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Clark v. Colvin

United States District Court, C.D. California

December 17, 2014

CAROLYN W. COLVIN, Acting Commissioner of Social Security, Defendant

For Algeretta Clark, Plaintiff: Bill LaTour, LEAD ATTORNEY, Law Offices of Bill LaTour, Colton, CA.

For Carolyn W. Colvin, Commissioner of Social Security, Defendant: Assistant U.S. Attorney LA-CV, LEAD ATTORNEY, Office of U.S. Attorney, Civil Division, Los Angeles, CA; Assistant U.S. Attorney LA-SSA, LEAD ATTORNEY, Office of the General Counsel for Social Security Adm., San Francisco, CA; Cynthia B De Nardi, SAUSA - Office of the U.S. Attorney, Office of the General Counsel Region IX, San Francisco, CA.



Plaintiff filed a Complaint (" Complaint") on January 24, 2014, seeking review of the Commissioner's denial of her applications for Disability Insurance Benefits and Supplemental Security Income. In accordance with the Magistrate Judge's Case Management Order, the parties filed a Joint Stipulation (" Jt. Stip.") on September 25, 2014. Thus, this matter now is ready for decision.[1]


1. Whether the Administrative Law Judge (" ALJ") properly evaluated plaintiff's credibility. (Jt. Stip. 3-15.)

2. Whether the ALJ properly assessed the medical evidence. (Jt. Stip. 15-18.)

3. Whether the ALJ properly determined plaintiff's residual functional capacity (" RFC") and posed a complete hypothetical to the vocational expert (" VE"). (Jt. Stip. 18-22.)


I. Reversal is not warranted based on the ALJ's assessment of plaintiff's credibility.

Plaintiff complains that " [w]hile the ALJ briefly summarized plaintiff's testimony at her administrative hearing, the ALJ does not indicate[] which specific statements made by plaintiff that she accepted or rejected nor does the ALJ provide clear and convincing reason to reject plaintiff's testimony." (Jt. Stip. 4.) Plaintiff asserts the " ALJ's credibility findings are improper." (Id.)

Where the claimant has produced objective medical evidence of an impairment or impairments which could reasonably be expected to produce some degree of pain and/or other symptoms, and the record is devoid of any affirmative evidence of malingering, the ALJ may reject the claimant's testimony regarding the severity of the claimant's pain and/or other symptoms only if the ALJ makes specific findings stating clear and convincing reasons for doing so. See Smolen v. Chater, 80 F.3d 1273, 1281-82 (9th Cir. 1996); Dodrill v. Shalala, 12 F.3d 915, 918 (9th Cir. 1993); Bunnell v. Sullivan, 947 F.2d 341, 343 (9th Cir. 1991) (en banc); see also Lingenfelter v. Astrue, 504 F.3d 1028, 1035-36 (9th Cir. 2007). The ALJ " must identify what testimony is not credible and what evidence undermines the claimant's complaints." Lester v. Chater, 81 F.3d 821, 834 (9th Cir. 1995) (as amended); see also Dodrill, 12 F.3d at 918. Further, a credibility finding must be " sufficiently specific to permit the court to conclude that the ALJ did not arbitrarily discredit [the] claimant's testimony." Thomas v. Barnhart, 278 F.3d 947, 958 (9th Cir. 2002). Factors that may be considered include: (1) The claimant's reputation for truthfulness; (2) inconsistencies in testimony or between testimony and conduct; (3) the claimant's daily activities; (4) an unexplained, or inadequately explained, failure to seek treatment or follow a prescribed course of treatment; and (5) testimony from physicians concerning the nature, severity, and effect of the symptoms of which the claimant complains. Fair v. Bowen, 885 F.2d 597, 603 (9th Cir. 1989); see also Thomas, 278 F.3d at 958-59.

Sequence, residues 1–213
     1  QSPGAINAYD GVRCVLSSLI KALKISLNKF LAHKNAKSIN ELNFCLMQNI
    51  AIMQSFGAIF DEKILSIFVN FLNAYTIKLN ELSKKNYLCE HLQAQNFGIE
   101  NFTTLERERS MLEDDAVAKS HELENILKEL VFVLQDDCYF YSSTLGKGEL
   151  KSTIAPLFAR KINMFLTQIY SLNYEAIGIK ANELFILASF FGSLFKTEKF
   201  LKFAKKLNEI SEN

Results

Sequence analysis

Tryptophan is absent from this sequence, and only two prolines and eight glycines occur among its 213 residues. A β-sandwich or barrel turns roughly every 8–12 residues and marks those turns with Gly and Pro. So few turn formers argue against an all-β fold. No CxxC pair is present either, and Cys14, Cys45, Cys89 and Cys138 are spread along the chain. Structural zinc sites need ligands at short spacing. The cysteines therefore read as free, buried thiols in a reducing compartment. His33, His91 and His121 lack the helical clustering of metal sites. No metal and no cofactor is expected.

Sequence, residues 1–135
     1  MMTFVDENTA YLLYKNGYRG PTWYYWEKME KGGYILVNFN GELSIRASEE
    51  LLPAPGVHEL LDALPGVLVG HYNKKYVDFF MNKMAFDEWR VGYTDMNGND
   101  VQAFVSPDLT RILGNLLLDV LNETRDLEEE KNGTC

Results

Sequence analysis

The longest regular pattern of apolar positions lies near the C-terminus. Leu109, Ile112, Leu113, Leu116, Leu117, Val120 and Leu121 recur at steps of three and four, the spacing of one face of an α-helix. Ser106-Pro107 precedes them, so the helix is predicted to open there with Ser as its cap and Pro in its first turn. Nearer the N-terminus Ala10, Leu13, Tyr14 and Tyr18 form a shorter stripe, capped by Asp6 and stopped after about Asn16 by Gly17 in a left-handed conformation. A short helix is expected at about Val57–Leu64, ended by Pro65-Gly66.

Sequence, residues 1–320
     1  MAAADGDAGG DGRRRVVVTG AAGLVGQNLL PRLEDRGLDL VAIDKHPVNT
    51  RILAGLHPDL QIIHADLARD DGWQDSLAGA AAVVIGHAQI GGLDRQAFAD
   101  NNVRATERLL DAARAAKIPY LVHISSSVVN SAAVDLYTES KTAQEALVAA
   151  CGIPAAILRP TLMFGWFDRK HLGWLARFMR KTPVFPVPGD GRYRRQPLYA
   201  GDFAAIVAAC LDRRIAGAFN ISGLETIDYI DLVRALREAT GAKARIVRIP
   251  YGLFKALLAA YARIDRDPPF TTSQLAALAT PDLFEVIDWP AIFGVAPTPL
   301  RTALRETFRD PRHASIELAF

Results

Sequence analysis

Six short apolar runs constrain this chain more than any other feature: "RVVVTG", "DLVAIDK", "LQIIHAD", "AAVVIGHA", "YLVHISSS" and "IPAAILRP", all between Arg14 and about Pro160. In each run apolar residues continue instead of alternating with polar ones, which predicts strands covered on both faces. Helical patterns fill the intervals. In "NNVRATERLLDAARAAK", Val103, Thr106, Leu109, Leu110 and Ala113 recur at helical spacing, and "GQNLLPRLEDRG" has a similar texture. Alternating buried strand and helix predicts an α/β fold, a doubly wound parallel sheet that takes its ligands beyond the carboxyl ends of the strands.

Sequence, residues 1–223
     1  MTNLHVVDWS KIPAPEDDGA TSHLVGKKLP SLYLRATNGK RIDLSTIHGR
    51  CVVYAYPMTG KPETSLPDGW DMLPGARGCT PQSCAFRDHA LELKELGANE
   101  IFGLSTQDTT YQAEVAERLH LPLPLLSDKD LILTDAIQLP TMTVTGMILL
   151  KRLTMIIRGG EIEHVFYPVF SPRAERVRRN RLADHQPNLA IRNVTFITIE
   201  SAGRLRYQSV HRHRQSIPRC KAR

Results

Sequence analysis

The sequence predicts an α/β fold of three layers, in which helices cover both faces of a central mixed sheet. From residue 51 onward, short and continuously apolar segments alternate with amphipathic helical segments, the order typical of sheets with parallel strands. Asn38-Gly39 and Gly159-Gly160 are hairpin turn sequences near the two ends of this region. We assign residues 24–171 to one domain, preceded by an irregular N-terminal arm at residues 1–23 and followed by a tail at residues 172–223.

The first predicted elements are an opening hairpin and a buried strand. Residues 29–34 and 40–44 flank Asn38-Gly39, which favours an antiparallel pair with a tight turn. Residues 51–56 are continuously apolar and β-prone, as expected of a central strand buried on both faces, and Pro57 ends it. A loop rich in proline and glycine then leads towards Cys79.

At the administrative hearing, held on August 1, 2012, plaintiff testified that she is unable to work because she is " depressed." (AR 34, AR 40-41.) She reported that she " can't concentrate, " suffers from paranoia, and " sometimes . . . see[s] things or . . .hear[s] things." (AR 41, AR 45, AR 47.) Plaintiff testified that medication has helped her mental health symptoms become a " little better." (AR 50.) With respect to her physical impairments, plaintiff reported that she suffers from pain in her lower back, feet, and ankles. (AR 41.) However, plaintiff also stated that her prescription medication Tramadol helps with the pain. (AR 43.) Plaintiff indicated that she broke both her ankles in 1994 after jumping out of a " three-story window" while " trying to escape being harmed." (AR 43-44.) Plaintiff testified that when she is at home, she is " in [her] bed all day." (AR 50.)

The ALJ declined to " fully credit [plaintiff's] testimony and allegations." (AR 18.) The Court concludes the ALJ provided legally sufficient reasons for rejecting the alleged ...

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